Please ensure Javascript is enabled for purposes of website accessibility

Why COVID Vaccines for Younger Kids Won't Win Authorization as Soon as Expected

By Keith Speights and Brian Orelli, PhD – Aug 6, 2021 at 6:08AM

Key Points

  • Pfizer, BioNTech, and Moderna hope to win EUAs for their COVID-19 vaccines in protecting younger kids.
  • The FDA requested that the vaccine makers expand the sizes of their clinical trials.
  • While the increased number of study participants will push back EUA, it should have a minimal impact on these vaccine stocks.

Motley Fool Issues Rare “All In” Buy Alert

You’re reading a free article with opinions that may differ from The Motley Fool’s Premium Investing Services. Become a Motley Fool member today to get instant access to our top analyst recommendations, in-depth research, investing resources, and more. Learn More

The FDA has raised the bar for vaccine makers.

Pfizer (PFE 1.29%) and BioNTech (BNTX 2.08%) hope to win Emergency Use Authorization for their COVID-19 vaccine in immunizing children below age 12. Moderna (MRNA 1.59%) is pursuing the same goal. In this Motley Fool Live video recorded on July 28, Motley Fool contributors Keith Speights and Brian Orelli discuss why these vaccines won't win authorization for younger kids as soon as expected.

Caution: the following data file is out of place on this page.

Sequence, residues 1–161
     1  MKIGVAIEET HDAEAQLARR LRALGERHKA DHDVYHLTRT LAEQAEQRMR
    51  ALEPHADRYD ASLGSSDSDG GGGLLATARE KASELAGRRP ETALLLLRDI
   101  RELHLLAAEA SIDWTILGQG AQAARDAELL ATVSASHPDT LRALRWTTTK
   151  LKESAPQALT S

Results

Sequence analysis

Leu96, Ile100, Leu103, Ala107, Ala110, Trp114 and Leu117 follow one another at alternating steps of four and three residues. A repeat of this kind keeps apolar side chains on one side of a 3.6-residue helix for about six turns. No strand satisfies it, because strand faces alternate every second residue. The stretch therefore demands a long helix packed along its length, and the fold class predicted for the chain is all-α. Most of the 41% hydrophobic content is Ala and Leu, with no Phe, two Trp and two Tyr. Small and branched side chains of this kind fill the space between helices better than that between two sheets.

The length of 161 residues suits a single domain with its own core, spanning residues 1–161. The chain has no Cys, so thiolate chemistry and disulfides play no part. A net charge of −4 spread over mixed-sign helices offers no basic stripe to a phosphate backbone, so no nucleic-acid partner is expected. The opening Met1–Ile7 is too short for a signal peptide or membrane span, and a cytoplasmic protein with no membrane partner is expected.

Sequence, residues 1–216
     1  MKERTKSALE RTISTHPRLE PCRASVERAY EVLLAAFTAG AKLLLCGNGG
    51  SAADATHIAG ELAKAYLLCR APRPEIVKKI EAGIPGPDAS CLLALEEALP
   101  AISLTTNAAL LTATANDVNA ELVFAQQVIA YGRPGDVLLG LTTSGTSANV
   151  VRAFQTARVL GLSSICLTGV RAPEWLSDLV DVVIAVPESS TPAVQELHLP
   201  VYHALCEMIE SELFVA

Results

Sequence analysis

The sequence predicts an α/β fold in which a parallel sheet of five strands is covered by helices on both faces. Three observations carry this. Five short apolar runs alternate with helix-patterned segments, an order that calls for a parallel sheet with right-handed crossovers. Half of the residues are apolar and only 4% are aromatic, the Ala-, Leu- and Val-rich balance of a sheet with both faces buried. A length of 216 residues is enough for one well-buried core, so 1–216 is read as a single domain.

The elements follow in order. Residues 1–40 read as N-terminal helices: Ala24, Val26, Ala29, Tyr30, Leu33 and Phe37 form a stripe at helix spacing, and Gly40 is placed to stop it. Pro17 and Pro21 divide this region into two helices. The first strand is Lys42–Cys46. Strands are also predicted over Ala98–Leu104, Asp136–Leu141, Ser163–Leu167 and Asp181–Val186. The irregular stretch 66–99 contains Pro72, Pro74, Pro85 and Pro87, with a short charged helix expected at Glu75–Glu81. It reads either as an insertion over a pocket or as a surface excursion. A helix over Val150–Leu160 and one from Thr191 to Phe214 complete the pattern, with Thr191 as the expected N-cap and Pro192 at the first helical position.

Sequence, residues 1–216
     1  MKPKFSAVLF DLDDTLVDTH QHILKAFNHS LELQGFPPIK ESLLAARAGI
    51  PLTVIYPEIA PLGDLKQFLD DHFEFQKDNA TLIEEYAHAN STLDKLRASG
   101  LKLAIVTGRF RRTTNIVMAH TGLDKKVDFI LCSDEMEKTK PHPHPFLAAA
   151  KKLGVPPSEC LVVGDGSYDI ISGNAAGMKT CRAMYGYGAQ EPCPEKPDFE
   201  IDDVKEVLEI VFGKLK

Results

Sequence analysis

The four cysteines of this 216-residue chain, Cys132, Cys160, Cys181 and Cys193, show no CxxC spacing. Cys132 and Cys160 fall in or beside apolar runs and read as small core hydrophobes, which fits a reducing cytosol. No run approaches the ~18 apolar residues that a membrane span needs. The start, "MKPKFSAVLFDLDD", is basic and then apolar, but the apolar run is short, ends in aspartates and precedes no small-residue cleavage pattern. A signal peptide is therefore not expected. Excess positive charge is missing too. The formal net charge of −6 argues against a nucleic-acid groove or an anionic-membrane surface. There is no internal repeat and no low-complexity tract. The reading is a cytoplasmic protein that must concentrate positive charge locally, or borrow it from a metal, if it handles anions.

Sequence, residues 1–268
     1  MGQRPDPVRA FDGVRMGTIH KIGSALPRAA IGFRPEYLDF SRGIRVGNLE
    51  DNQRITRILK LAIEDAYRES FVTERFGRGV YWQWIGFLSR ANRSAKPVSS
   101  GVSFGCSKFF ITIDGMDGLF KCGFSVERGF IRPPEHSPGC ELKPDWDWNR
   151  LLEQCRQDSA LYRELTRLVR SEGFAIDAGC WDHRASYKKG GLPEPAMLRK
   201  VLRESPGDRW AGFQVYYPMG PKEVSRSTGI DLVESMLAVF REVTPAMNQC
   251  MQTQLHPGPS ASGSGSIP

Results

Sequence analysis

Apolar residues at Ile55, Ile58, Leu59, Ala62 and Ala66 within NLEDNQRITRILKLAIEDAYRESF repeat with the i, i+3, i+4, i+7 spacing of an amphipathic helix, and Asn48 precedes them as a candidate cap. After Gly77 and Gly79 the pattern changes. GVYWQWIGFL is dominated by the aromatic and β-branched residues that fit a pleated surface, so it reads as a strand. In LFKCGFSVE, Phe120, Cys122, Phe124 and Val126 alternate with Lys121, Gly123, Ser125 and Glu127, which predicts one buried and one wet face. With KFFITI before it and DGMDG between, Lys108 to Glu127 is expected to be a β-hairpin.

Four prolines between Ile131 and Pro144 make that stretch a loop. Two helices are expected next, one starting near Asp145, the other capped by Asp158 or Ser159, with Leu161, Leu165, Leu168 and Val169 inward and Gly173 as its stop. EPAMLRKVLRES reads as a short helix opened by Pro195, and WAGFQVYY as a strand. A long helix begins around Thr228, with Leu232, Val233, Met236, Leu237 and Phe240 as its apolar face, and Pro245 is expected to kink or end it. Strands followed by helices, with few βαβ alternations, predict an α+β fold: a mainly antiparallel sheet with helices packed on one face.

10 stocks we like better than Pfizer
When our award-winning analyst team has a stock tip, it can pay to listen. After all, the newsletter they have run for over a decade, Motley Fool Stock Advisor, has tripled the market.*

They just revealed what they believe are the ten best stocks for investors to buy right now... and Pfizer wasn't one of them! That's right -- they think these 10 stocks are even better buys.

See the 10 stocks


*Stock Advisor returns as of June 7, 2021


Keith Speights: We're going to talk about some COVID-19 news. The FDA has requested that Pfizer and its partner, BioNTech, as well as Moderna, expand the size of their clinical trials before seeking Emergency Use Authorization for their COVID vaccines in younger children.

Brian, why is the FDA making this request first of all, and then secondly, how does it impact these vaccine stocks?

Brian Orelli: The FDA wants larger clinical trials for the children basically to detect rare side effects. Considering the new side effects that have cropped up with the adults and the skepticism that it's created, I think that's probably a good move.

Moderna's study includes nearly 7,000 children from six months of age to 12 years old. The Pfizer and BioNTech's study is 4,500 children of the same age. Maybe there's going to be some negotiation between the FDA and the companies on how much to increase them by, and then it's going to take a couple of months to enroll the patients and then a month for dosing and then a couple of months of follow up for the children that are five years and older, and then probably another month for authorization.